There are many things, I think, that motivate us to keep writing. Some large, like a kind word or two from an agent, some not so large. It doesn’t take much to keep us writing. Perhaps like myself, my fellow writers are amazed that we can write, that we have these voices whispering inside our heads, and that some day we’ll all be published.

Thursday, May 6, 2010

Subject Matter Experts (SMEs)

In learning about the publishing business, I’ve spent way too much time on Twitter. That being said, Twitter has a wealth of information about the business from writing query letters to expanding your list of subject matter experts on writing and getting published. With an expanding list of SMEs, however, comes a conundrum - who to listen to? For instance, one SME says that putting the title, genre, and word count at the beginning of your query letter is required. Then, you go to another SME, and this one tells you no, having that information at the top of your query letter only distracts from what is really important - your book. So who does a poor querier believe? Especially when you’re being told by so many SMEs that if an agent doesn’t like your query letter, you’re going to get a form-letter rejection.

All the SMEs seem to believe that you need to increase your online presence by twittering and blogging. The reasons given make sense. If you twitter and only have two followers, you’re essentially twittering to yourself. Back to the SMEs to learn how to increase your followers so you’re no longer twittering to yourself. Lots of advice there - play nice, respond to others’ tweets, and followers will begin arriving in droves. But wait. You’re following the SMEs. How do you respond to topics that you’re trying to learn about? A polite thanks for posting that? Or wow that was really informative. Sounds good? Agents aren’t likely to follow you because you’re not an industry insider and they’re busy doing their job. No one has heard of you. No one is following you. Do you see where this is going? The proverbial Catch-22.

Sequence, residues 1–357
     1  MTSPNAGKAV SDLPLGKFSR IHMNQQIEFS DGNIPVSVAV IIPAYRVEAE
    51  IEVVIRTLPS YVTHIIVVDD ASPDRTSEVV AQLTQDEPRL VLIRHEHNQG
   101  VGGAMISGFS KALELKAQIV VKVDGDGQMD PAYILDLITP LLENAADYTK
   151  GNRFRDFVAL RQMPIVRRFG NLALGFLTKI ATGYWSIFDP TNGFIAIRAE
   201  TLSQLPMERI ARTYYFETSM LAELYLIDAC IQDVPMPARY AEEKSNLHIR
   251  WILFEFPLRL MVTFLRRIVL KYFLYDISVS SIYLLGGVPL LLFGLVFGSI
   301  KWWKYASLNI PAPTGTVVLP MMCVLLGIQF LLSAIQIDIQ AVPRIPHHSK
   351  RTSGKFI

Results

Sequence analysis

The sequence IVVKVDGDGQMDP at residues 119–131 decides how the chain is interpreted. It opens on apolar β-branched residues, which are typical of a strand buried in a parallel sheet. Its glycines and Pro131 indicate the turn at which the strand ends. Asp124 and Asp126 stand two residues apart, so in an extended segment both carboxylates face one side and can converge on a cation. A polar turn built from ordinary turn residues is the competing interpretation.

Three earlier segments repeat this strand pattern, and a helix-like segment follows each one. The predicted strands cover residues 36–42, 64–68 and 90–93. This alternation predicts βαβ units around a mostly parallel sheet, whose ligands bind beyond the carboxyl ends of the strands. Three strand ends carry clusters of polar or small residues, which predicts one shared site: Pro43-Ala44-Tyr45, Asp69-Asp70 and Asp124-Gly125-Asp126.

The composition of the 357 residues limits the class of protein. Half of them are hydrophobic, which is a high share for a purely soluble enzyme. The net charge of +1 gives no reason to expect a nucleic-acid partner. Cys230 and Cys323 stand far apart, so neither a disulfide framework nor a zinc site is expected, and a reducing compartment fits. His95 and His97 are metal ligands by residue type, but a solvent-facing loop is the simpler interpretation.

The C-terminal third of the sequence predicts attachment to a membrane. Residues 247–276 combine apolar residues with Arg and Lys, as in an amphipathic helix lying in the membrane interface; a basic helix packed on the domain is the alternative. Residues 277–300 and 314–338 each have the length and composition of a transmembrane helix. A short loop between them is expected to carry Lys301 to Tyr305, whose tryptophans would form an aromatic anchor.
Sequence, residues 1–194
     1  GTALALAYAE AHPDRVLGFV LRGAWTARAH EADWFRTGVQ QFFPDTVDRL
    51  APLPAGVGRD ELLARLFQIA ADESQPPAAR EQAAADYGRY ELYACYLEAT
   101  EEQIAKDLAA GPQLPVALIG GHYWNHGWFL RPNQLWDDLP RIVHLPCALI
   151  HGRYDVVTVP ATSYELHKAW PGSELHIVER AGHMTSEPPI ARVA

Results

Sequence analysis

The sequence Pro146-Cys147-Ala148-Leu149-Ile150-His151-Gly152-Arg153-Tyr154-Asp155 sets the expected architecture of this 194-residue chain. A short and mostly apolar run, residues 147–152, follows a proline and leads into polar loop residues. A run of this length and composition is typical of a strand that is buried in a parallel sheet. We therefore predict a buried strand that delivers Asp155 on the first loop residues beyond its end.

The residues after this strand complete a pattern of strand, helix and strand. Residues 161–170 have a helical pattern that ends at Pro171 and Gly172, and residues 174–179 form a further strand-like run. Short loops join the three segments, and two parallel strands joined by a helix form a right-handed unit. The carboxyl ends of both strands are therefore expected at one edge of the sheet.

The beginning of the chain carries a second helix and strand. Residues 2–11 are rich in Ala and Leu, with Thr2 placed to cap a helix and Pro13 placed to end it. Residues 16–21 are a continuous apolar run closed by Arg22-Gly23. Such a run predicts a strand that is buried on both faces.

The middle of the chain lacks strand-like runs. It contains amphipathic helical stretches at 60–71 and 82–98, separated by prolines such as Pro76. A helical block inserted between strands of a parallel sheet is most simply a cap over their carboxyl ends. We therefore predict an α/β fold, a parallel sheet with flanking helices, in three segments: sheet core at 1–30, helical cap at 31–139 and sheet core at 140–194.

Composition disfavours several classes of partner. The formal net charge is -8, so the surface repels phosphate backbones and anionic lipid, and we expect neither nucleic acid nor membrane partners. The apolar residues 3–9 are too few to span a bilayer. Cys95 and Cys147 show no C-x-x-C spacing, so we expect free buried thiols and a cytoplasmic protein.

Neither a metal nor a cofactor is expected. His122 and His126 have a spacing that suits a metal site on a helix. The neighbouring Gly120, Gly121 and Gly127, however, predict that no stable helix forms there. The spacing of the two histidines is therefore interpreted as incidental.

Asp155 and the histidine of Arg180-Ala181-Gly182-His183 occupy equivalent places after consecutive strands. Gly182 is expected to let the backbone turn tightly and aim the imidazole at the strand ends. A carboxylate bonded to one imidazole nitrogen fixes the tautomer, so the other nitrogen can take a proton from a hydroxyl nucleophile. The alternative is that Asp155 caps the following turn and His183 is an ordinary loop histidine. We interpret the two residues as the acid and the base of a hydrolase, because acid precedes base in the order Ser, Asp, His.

The SMEs also tell you to not get discouraged, that a rejection isn’t personal, and your book just isn’t right for that particular agency. Some encourage you to send out multiple query letters at the same time for a particular book. Someone, they seem to be saying, is going to like your book some day.

Fifteen years ago, The Writer magazine was writing that authors shouldn’t get discouraged “too easily.” Their point was that the publishing world is a “cold and hard one for the aspiring author.” They tell us that not every author can be a Stephen King. They encourage authors to continue submitting because there are “countless authors who get accepted after thirty or forty rejections.” Some things never seem to change no matter how much things seem to change.